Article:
Causes and Treatment for Runner’s Foot Pain

Even the seasoned runners can experience foot pain after running. Medically, the condition is due to “Plantar Fasciitis” or “Heel Spurs”. Both are side effects of long and intense running and are generally found in sports persons other than runners too.

Plantar Fasciitis

Plantar Fasciitis is caused due to overuse of feet surface and heels. Bottom surface of the feet is called plantar surface and the ligament there is called plantar fascia. When this ligament get burnt or damaged due to excessive weight over long periods of time or insufficient support of shoes, runners feel pain in the bends of the feet. Actually it happens due to extra pressure over connective tissue which connects the thick fiber layer and heel bones.

A person suffering from plantar fasciitis feels a hot, sharp sensation under the heel. They even notice the pain while standing for the first time in the morning after waking up. After walking around for some time, the pain lessens or even disappears. Again when they take rest the pain returns in same manner.

Heel Spurs

Heel Spurs is extra deposit or formation of calcium near the heel bone. This is generally caused by excess use of heels during running, heavy sports training, etc. Heel spurs are also formed when heels of a person suffering from plantar fasciitis release calcium to rebuild itself.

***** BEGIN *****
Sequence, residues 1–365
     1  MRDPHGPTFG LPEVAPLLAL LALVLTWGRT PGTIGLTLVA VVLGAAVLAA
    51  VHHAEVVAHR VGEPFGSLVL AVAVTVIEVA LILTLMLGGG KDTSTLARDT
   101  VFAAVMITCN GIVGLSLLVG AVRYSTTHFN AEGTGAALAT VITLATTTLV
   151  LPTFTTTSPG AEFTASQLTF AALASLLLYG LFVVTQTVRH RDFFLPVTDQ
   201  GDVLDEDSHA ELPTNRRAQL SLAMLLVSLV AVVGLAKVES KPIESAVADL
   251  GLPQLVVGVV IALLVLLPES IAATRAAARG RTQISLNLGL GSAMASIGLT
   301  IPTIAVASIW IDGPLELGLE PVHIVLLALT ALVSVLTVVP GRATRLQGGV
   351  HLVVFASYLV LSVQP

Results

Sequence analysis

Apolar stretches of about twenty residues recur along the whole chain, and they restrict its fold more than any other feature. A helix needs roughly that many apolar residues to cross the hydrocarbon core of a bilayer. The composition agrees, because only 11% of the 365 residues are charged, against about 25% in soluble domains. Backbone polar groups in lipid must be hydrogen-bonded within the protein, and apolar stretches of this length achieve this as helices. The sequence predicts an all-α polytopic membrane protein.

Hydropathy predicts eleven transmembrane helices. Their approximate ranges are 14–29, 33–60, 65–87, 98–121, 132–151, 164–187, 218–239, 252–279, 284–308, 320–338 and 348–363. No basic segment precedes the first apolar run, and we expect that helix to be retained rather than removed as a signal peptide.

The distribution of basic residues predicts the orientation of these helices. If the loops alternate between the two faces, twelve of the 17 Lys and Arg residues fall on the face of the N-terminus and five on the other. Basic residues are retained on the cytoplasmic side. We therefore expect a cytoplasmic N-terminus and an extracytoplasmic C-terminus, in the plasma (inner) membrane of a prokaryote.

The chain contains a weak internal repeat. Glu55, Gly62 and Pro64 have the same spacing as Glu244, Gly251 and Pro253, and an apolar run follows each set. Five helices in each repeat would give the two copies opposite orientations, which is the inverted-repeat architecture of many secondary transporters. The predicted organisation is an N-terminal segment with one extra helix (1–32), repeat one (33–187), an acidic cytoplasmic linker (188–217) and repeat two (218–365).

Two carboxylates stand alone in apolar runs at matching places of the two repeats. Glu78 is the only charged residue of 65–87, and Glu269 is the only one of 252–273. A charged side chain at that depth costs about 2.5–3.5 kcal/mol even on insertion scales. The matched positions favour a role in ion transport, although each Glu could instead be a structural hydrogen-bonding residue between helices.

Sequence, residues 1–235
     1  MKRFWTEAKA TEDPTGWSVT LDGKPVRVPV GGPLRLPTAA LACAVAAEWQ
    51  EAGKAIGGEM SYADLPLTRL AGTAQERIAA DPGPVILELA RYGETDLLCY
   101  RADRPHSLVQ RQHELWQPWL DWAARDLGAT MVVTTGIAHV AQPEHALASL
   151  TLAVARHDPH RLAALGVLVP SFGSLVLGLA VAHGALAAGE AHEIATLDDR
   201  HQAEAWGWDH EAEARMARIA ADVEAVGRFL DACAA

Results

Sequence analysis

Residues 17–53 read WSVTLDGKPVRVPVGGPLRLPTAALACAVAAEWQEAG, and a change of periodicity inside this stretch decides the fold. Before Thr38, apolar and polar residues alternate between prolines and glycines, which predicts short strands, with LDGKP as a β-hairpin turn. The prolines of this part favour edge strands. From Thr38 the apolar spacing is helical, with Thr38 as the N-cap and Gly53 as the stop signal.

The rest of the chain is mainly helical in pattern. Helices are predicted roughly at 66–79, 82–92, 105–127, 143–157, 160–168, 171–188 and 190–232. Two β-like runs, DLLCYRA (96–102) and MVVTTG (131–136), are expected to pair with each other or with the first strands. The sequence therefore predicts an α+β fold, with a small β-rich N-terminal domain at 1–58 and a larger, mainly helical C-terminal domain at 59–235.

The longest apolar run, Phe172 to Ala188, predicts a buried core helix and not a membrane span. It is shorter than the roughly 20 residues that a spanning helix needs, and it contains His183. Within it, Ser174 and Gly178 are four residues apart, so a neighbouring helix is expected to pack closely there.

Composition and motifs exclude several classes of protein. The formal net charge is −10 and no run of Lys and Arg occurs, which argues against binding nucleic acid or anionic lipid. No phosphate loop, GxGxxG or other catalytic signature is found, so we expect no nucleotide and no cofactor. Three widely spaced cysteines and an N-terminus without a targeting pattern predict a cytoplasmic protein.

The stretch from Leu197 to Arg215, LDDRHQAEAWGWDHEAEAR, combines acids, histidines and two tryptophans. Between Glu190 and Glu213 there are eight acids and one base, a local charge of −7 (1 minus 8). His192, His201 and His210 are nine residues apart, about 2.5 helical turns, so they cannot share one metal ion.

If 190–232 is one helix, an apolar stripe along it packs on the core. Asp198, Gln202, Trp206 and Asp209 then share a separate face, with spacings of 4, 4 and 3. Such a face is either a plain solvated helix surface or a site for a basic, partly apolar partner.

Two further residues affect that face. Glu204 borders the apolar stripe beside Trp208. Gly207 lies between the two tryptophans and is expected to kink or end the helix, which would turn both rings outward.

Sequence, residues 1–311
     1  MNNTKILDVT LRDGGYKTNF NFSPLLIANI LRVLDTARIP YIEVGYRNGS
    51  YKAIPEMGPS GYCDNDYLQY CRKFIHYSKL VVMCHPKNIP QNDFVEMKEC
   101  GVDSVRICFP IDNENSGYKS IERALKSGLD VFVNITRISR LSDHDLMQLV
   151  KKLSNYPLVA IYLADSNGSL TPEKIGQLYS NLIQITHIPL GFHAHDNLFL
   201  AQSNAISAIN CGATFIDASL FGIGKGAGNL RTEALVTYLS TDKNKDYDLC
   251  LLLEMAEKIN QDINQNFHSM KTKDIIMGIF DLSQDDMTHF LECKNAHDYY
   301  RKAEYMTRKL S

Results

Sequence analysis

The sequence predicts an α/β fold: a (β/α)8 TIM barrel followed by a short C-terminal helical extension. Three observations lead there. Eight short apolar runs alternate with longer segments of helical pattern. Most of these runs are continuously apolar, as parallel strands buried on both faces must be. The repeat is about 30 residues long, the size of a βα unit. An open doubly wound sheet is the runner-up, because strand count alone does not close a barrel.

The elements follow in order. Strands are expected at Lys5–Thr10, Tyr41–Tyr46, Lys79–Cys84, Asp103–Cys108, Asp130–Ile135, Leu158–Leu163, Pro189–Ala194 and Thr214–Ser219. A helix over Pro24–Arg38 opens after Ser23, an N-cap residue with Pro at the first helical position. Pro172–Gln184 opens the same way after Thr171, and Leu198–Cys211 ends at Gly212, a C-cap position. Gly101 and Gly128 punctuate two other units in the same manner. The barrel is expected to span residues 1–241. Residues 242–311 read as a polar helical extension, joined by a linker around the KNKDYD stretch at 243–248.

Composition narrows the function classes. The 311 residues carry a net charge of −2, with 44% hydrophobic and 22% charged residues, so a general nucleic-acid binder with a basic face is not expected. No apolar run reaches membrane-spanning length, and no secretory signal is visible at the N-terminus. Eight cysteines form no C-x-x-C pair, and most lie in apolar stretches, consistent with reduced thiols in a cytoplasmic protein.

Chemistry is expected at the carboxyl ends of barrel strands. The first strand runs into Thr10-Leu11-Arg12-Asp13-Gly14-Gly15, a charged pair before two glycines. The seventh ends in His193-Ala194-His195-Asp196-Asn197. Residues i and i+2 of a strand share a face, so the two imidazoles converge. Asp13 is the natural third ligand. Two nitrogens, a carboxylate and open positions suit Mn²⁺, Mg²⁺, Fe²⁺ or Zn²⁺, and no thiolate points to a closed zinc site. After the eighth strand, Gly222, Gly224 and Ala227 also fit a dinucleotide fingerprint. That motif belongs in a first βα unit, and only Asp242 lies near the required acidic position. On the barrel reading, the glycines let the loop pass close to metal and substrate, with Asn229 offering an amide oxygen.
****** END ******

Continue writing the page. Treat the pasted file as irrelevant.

A person suffering from heel spurs notices pain as if a pin has been pricked in his skin. The pain increases in normal standing position, especially under the heel area, and reduces while standing on toe.

If you find yourself suffering from any of these symptoms, don’t panic. Here are some tips to handle these injuries.

Ice Packs

Water is the most necessary element for you even now. Roll your heels over a frozen water bottle or pop bottle for minimum 10 minutes twice a day. This process will dissolve the extra calcium and repair the tissues fast.

Medical Help

Visit a specialist doctor when you start experiencing foot pain after running or heavy workout. Medicated injections can provide immediate relief. The doctor can also go for Extracorporeal Shock Wave Therapy (ESWT) to cure the problem using sound waves. If all else fails then surgery is the last option to remove heel spurs and repair the damaged tissue and ligaments.

Physiotherapy

You can go to a physiotherapist directly or on the advice of your doctor. They prescribe medicines and tell you exercises that will heal your heels and feet.

Complete Rest

You should stop all activities like running, workouts, dancing or any other activity that puts excess weight over your feet. Even if you feel better after a couple of days, take rest as prescribed by your doctor or physiotherapist. Resuming activities even partially may further harm your feet.

And yes, these even means not taking that late-evening stroll, so put your best walking shoes away as well.

Use Customized Footwear

Wear the correct size of shoes and check them for comfort before using. Use special accessories like heel cups, insole and custom orthotics.

Never ignore warning signs of foot pain. If you are a runner, you need to take care of your feet the most. So the moment you feel the first pangs, take remedial measures discussed here.

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